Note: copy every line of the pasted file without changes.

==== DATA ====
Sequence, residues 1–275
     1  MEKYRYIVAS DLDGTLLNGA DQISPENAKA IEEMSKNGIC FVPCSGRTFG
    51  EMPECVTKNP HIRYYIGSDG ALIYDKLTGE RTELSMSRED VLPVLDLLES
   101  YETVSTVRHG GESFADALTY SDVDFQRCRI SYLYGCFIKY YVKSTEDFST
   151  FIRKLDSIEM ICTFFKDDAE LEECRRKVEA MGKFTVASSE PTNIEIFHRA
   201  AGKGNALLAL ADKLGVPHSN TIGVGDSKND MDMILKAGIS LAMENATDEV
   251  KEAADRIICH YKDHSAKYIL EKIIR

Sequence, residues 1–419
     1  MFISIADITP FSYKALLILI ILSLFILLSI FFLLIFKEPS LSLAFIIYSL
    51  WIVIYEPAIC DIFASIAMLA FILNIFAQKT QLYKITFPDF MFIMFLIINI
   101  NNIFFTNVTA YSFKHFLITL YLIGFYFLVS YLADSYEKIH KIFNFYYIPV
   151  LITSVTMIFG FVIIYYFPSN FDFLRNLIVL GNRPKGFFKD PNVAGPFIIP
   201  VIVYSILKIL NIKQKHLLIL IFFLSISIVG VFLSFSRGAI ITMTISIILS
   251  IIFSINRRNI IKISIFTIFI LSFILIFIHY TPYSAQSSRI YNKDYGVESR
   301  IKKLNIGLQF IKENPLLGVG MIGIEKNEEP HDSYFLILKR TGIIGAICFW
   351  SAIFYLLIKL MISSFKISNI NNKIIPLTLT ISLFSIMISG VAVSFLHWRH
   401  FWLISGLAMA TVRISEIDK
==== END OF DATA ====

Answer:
Sequence, residues 1–275
     1  MEKYRYIVAS DLDGTLLNGA DQISPENAKA IEEMSKNGIC FVPCSGRTFG
    51  EMPECVTKNP HIRYYIGSDG ALIYDKLTGE RTELSMSRED VLPVLDLLES
   101  YETVSTVRHG GESFADALTY SDVDFQRCRI SYLYGCFIKY YVKSTEDFST
   151  FIRKLDSIEM ICTFFKDDAE LEECRRKVEA MGKFTVASSE PTNIEIFHRA
   201  AGKGNALLAL ADKLGVPHSN TIGVGDSKND MDMILKAGIS LAMENATDEV
   251  KEAADRIICH YKDHSAKYIL EKIIR

Sequence, residues 1–419
     1  MFISIADITP FSYKALLILI ILSLFILLSI FFLLIFKEPS LSLAFIIYSL
    51  WIVIYEPAIC DIFASIAMLA FILNIFAQKT QLYKITFPDF MFIMFLIINI
   101  NNIFFTNVTA YSFKHFLITL YLIGFYFLVS YLADSYEKIH KIFNFYYIPV
   151  LITSVTMIFG FVIIYYFPSN FDFLRNLIVL GNRPKGFFKD PNVAGPFIIP
   201  VIVYSILKIL NIKQKHLLIL IFFLSISIVG VFLSFSRGAI ITMTISIILS
   251  IIFSINRRNI IKISIFTIFI LSFILIFIHY TPYSAQSSRI YNKDYGVESR
   301  IKKLNIGLQF IKENPLLGVG MIGIEKNEEP HDSYFLILKR TGIIGAICFW
   351  SAIFYLLIKL MISSFKISNI NNKIIPLTLT ISLFSIMISG VAVSFLHWRH
   401  FWLISGLAMA TVRISEIDK